When a federal judge hands out a double-life sentence for mailing 5.2 grams of LSD to a buddy, we don’t bat an eye. In federal court, we’re surprised when a sentence doesn’t eat up at least half of one’s natural life.
Full disclosure: I’m one of those criminal defense attorneys who has had his heart broken by federal sentences handed out to his clients. It makes practicing in federal court a harrowing, sometimes soul-crushing endeavor. Federal court is not for the faint of heart.
Maybe Gonzalez’s sentence was appropriate. Maybe it just feels light because we’re used to all the other seemingly interminable federal sentences. Then again, if Gonzalez’s sentence fails to deter the next White House fence jumper, perhaps it was indeed not harsh enough.
ST. THOMAS — Almost a year to the day after prosecutors charged Louis “Lolo” Willis, the former executive director of the V.I. Legislature, with multiple counts of bribery and extortion, a federal judge will decide today whether the prominent former official is headed to prison. Depending upon how presiding Judge Curtis V. Gomez chooses to interpret the sentencing guidelines, Willis could face at least a decade behind bars.
The hearing marks the culmination of a trial that pulled back the curtain on a network of pay-offs and under the table accounting, which Willis orchestrated by leveraging his influence near the top of the power structure in the Legislature.
According to the testimony of several witnesses, many of whom were participants in the bribes themselves, Willis solicited renovation work for the Legislature building in return for compensation – ranging from a $3,000 envelope of cash to a complimentary air conditioner – from the contractors on the projects.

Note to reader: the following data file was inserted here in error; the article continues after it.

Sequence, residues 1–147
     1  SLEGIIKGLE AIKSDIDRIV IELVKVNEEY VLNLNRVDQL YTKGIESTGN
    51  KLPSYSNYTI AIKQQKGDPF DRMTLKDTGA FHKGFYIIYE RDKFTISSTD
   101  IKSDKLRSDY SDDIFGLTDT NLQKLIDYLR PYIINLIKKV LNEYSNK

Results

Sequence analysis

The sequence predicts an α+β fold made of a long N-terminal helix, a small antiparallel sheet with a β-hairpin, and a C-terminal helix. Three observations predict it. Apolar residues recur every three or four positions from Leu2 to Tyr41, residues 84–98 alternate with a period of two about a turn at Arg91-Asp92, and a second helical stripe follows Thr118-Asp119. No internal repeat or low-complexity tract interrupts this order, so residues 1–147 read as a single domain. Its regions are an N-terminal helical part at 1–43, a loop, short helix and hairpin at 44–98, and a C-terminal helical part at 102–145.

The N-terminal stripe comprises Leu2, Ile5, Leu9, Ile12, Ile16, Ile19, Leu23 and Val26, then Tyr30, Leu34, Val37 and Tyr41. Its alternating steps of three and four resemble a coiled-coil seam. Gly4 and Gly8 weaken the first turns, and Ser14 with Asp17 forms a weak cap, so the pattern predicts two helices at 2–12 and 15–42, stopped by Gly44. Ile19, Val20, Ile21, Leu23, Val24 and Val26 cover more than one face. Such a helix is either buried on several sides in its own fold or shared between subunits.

In a pair of dueling motions to the court related to the sentencing, Willis’ lawyer and the Justice Department prosecutors drew starkly different portraits of a man who now stands convicted of four of the six counts with which he was was initially charged.
Defense attorney Daniel Cevallos, arguing on behalf of his client, made the case that Willis’ career in public service and his strong ties to his family are grounds for a lenient sentence of probation and community service. Cevallos also wrote that as the head of the Bureau of Internal Revenue, Willis ran the tax agency efficiently and helped plan the territory’s budget.
In Willis’ case, Cevallos argued, he already is sure to pay a steep price.
“Mr. Willis and his famliy have already suffered tremendously, and will continue to suffer the consequences of his investigation, trial, and conviction, even without any jail time.” Cevallos wrote. “His once promising political career is dead, and he has lost his post-government position at the Legislature.”
However, in a memo drafted in response to the defense, prosecutor Justin Weitz argued for an unforgiving interpretation of the sentencing guidelines and was unsparing in his appraisal of Willis.
“What the defendant classifies as a career of public service was instead one defined by graft,” the prosecution motion reads. “The defendant’s crimes – accepting bribes from multiple contractors during the Legislature renovation – were in no way aberrant; they reflected the essence of the defendant’s career in public service: bribery, extortion, and corrupt self-enrichment.”
Willis was charged in May 2014 for the crimes.
During his trial, three former contractors who did work at the Legislature – Wilson Johnmarie, Frank James, and Alwyn Williams Sr. – took the stand.
Williams was convicted of bribes and extortion related to his dealings with James and Williams, but the jury did not find sufficient evidence to convict him for transactions he conducted with Johnmarie.